Exactly. What's available at any coaches disposal is only limited by their own imagination and their ability to teach their players the concepts. But how it's deployed is what separates coaches into bad, average, good and great.
Most coaches are married to certain aspects of offensive philosophy. They're Air Raid guys. They're spread-to-run guys. They're West Coast passing guys. They're triple option guys. They're power football guys. It's their identity and they recruit players to fit their preferred scheme.
Snyder is different in that he's willing to employ any portion of the available playbook to fit his personnel. It's part of the strategy that makes a coach successful at a place like K-State. Access to local talent is limited by population, and access to talent in other states is limited by recruiting relationships and players who are willing to move to Manhattan to play college football.
In other words, it's an unreliable talent pool. K-State can't rely on recruiting a top-notch quarterback who knows how to run one system, whatever it is, at a high level. It can't guarantee a certain type of running back, or receiver, or offensive lineman. Does that mean there's no focus on program fits?
Of course not. But it's a different focus. Think 16 Goals, not a rigid offensive philosophy. Let's take a look at a few specific examples.
1996 to 1997
In 1996, K-State went 9-3, one of its five best seasons historically at that point. The Wildcats were relatively balanced, with a 58%/42% run/pass split. Brian Kavanaugh wasn't flashy, but he was efficient and his 20:6 touchdown-to-interception ratio showed he could be trusted with Snyder's passing game.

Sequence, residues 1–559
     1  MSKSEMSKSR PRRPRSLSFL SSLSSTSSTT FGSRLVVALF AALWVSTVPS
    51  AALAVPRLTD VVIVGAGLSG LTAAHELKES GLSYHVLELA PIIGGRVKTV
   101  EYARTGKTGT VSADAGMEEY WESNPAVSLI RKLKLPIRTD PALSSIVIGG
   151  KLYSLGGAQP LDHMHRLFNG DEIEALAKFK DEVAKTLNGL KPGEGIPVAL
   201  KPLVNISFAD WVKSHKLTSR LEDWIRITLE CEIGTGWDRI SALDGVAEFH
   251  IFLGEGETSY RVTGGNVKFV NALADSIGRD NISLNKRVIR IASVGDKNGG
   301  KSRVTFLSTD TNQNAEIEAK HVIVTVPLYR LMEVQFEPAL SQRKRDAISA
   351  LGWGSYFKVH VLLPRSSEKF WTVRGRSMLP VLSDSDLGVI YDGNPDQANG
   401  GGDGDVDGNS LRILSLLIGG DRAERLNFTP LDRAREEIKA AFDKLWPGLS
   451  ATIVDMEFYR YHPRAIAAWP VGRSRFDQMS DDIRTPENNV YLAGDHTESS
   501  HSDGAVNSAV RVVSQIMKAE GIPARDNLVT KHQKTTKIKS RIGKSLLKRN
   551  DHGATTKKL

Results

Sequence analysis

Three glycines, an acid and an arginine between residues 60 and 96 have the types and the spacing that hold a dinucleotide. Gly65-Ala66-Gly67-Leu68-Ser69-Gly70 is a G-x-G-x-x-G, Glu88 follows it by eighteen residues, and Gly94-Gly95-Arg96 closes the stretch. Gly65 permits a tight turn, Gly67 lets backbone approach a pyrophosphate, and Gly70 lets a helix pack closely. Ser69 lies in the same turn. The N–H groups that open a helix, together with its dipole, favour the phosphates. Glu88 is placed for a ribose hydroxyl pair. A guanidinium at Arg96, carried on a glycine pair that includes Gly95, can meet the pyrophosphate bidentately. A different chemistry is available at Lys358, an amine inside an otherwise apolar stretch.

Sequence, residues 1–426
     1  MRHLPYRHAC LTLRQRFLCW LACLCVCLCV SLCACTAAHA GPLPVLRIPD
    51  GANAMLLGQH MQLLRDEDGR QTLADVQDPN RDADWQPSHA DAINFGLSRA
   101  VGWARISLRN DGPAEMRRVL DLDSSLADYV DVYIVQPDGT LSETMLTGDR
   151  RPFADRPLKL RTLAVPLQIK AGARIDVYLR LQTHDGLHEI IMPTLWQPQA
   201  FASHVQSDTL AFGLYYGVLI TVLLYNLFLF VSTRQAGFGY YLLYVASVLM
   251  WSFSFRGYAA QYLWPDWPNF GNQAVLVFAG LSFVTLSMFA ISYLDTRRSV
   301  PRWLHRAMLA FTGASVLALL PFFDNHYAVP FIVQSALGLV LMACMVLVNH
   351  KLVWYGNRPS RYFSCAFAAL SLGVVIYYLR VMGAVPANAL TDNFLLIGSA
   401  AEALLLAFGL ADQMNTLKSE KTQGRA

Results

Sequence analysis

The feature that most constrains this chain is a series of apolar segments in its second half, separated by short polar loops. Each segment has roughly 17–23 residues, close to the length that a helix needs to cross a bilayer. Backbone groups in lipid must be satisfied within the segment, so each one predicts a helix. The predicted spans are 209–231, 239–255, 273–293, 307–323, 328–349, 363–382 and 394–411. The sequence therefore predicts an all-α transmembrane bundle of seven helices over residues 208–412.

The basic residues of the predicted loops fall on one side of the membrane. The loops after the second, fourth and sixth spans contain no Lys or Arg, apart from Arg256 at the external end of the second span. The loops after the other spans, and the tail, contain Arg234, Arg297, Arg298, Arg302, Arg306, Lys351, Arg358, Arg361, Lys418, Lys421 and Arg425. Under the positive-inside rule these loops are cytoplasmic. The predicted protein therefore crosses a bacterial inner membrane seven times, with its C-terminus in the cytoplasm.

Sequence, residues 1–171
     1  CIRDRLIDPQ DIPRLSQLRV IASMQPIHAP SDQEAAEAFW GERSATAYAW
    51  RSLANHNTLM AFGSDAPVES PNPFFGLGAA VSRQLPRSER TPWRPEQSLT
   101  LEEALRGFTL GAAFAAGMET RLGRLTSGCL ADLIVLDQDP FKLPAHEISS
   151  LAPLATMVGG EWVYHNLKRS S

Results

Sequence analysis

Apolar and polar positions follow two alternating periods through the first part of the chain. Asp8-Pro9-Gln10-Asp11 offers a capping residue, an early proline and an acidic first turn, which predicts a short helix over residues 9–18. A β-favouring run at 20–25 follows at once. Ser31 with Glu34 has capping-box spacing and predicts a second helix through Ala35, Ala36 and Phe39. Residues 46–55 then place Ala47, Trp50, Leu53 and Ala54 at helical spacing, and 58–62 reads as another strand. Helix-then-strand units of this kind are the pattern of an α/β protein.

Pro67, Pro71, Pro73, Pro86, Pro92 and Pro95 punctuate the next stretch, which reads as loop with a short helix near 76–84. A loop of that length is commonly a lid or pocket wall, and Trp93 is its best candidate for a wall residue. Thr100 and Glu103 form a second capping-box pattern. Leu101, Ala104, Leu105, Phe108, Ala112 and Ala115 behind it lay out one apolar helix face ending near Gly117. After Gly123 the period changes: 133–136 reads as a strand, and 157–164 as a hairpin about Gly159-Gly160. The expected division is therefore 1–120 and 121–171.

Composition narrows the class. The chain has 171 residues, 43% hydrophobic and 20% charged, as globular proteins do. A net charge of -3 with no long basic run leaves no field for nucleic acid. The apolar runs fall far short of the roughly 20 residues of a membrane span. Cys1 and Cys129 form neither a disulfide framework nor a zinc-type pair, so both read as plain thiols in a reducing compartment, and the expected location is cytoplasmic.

Michael Bishop won two junior college national championships at Blinn. Nobody denied his talent, but his decision making was inconsistent. It showed in K-State's play calling. The run/pass split moved to 72%/28%, which is the second-heaviest rushing season in Snyder's tenure. First place on that list? It's 2002. Notice a pattern here?
How many coaches would change their play calling that significantly in a single season?
Stan "Air" Parrish was an impressively bad football coach, even by K-State's standards. A 2-30-1 record and 27-game winless streak will do that. Given the dearth of talent, one might expect the next coach to run the ball, bleed the clock, and hope to shorten games as much as possible. Especially when that coach was Bill Snyder.